Mr. M. J. COLDWELL (Rosetown-Biggar):
Mr. Speaker, I should like to add briefly my felicitations upon your election as Speaker, and to express the hope that under your guidance and chairmanship the deliberations of this assembly may be conducted with impartiality and decorum. May I, too, congratulate those who initiated the debate.
Upon this, the first occasion upon which I have had an opportunity of addressing the House of Commons, I should like to discuss somewhat thoroughly the speech from the throne, but as I come from one of the banner agricultural communities of Saskatchewan, indeed of Canada, I feel that perhaps to-day I should devote my observations, as did the preceding speaker, to that problem uppermost in the minds of the people in the prairie provinces. As the days
The Address-Mr. Coldwell
go by I shall endeavour to support anything emanating from the government side of the house which seems to be headed in the right direction. Conversely I shall oppose anything headed along the opposite road.
Conditions in western Canada to-day present a challenge to our intelligence and our statesmanship. I am familiar with those conditions. In the last few years I have travelled across that section of Canada, thousands and thousands of miles, and have looked down upon it. I have been into almost every nook and cranny of the province of Saskatchewan and into the homes of many of its people. There is an idea abroad that conditions facing western Canada, and indeed Canada generally, are the results of the war and the post-war depression. I would say that the situation in western Canada is not a war or post-war condition. The factors which lie beneath the surface of the present situation could be found prior to the war. It is true that the taking up of new land, the value of which was zero, and increasing its value by settlement and by speculation gave to the country a passing measure of prosperity, a prosperity which to a great extent was unreal. On the new equities thus created men and women on the plains were able to go out and borrow money. Credit was-and I place the term in quotation marks- " easy ", But eight or more per cent soon had the producers within the toils of the banks, the mortgage corporations, the implement companies, and the financial system generally. Many people in western Canada even at that time realized the situation, and if one were to consult the records of the old Grain Growers' Association, and the various farmers' organizations meeting in convention from time to time in those years, he would find resolution after resolution directed against those conditions and against the difficulties under which the producers of western Canada were then marketing their grain.
When the war came, eliminating Russia the Balkan peninsula, and the Danubian provinces, from the production of wheat, the tremendous demand thus created caused new land to be brought under cultivation in Canada, in the Argentine Republic and in Australia. The result was that when the great war ended we found ourselves confronted with a serious situation. Let us remember that throughout the war years producers of primary commodities had been urged to increase their production in order to meet the needs of the armies in the field and the thousands of people who had been taken into the factories to produce the necessary munitions of war. Wheat was king. Wheat boards were instituted to prevent the
price from sky-rocketting, and the agrarian population of Canada did not raise any serious objection to the price of wheat being limited at the top as. a war measure. When the war ended they themselves asked for a wheat board again to stabilize conditions. On June 22, 1922, a bill was piloted through this chamber by the then government, under the leadership of the present Prime Minister (Mr. Mackenzie King), but that bill never became effective. The result was that the producers on the plains began to agitate for producers' pools, and as a consequence we have the foundations laid for the great pooling organizations now existing in western Canada. These pooling organizations in the beginning believed that mass pressure on the part of the producers would enable them to secure all that they required from any government holding office.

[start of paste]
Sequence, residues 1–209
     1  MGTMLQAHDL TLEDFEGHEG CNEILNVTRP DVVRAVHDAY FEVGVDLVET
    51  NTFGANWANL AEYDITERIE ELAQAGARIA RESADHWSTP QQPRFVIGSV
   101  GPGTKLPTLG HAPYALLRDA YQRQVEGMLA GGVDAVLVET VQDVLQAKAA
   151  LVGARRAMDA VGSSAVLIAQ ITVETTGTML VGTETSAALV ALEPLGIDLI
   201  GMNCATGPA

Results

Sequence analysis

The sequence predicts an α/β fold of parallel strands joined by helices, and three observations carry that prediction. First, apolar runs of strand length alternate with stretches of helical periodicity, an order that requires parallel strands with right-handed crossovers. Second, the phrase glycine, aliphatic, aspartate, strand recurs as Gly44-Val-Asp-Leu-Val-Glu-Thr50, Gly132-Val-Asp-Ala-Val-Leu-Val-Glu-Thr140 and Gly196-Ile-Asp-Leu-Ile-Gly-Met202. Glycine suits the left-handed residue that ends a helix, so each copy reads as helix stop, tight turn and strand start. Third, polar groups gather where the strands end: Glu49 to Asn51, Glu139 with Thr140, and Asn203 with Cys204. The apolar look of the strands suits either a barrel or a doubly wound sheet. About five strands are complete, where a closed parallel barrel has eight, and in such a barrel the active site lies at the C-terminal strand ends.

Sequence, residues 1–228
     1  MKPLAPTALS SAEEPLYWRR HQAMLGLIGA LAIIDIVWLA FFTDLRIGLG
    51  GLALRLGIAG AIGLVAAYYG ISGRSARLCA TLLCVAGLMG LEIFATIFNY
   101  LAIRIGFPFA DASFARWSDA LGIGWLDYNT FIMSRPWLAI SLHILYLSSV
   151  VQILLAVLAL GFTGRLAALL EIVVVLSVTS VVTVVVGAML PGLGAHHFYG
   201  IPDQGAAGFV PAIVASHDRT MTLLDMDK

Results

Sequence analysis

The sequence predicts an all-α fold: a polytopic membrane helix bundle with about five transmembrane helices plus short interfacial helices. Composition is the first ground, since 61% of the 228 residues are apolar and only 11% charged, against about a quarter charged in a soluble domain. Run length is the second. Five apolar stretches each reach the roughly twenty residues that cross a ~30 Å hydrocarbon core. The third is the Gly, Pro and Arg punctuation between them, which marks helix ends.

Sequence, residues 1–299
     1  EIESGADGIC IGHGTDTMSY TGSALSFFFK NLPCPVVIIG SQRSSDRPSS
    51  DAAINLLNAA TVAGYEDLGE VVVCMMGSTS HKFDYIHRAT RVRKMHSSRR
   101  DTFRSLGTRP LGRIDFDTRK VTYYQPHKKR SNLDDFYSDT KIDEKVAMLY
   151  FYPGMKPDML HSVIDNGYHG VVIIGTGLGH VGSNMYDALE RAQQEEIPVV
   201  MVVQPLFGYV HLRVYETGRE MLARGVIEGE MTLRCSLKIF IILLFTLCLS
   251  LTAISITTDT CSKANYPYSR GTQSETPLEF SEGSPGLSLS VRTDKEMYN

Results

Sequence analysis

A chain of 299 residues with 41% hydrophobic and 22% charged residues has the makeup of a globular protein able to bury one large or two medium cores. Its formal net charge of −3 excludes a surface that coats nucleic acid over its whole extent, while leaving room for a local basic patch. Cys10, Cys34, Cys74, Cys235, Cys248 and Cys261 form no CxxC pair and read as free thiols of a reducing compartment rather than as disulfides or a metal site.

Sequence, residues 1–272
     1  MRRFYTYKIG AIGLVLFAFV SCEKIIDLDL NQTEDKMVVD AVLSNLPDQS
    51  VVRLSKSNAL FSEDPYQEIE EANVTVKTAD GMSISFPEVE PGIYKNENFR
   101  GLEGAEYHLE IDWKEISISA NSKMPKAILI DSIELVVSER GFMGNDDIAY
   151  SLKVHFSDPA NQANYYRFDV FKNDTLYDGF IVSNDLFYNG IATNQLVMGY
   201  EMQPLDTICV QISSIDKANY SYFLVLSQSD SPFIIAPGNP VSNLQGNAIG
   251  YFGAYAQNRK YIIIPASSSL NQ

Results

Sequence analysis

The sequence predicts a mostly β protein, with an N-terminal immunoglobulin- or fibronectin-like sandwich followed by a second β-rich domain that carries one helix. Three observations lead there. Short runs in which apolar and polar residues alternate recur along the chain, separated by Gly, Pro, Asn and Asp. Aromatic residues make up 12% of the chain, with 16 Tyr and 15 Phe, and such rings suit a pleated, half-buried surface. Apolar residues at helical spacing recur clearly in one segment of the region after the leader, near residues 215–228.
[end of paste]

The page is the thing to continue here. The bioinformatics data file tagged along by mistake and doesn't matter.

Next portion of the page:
Once again the lesson has been learned that cooperation and competition are two opposing forces and that within a competitive society, cooperative institutions cannot function in the economic field without taking an active interest in the political field. That has been the experience of Great Britain, and to-day the great cooperative societies of the old land, the Consumers' Cooperative and others, are and have been for the last three years, ever since the Blackpool conference, part of the labour and socialist movement of Great Britain. Day after day, week after week, month after month, year after year, in season and out of season, groups of newspapers throughout the length and breadth of this land, and particularly in western Canada, have tried to discredit these cooperative institutions, and in addition we find that the same thoughts have been echoed from the political platform. We are told that the policies of these organizations have failed. I am not going to defend the policies of the late government in regard to- those organizations. They have already been defended by hon. gentlemen who sit to my right. But let us examine very briefly some of the charges of alleged failure that have been made against our western producers' organizations.
First, we are told that we must put Canada's -wheat back on the breakfast tables of the world, and that in order to do this it would be good advertising to sell our wheat at a loss. The preceding speaker (Mr. Perley, Qu'Appelle) said that the Minister of Agriculture (Mr. Gardiner) had made that statement in eastern Canada.
Topic: GOVERNOR GENERAL'S SPEECH
Subtopic: CONTINUATION OF DEBATE ON ADDRESS IN REPLY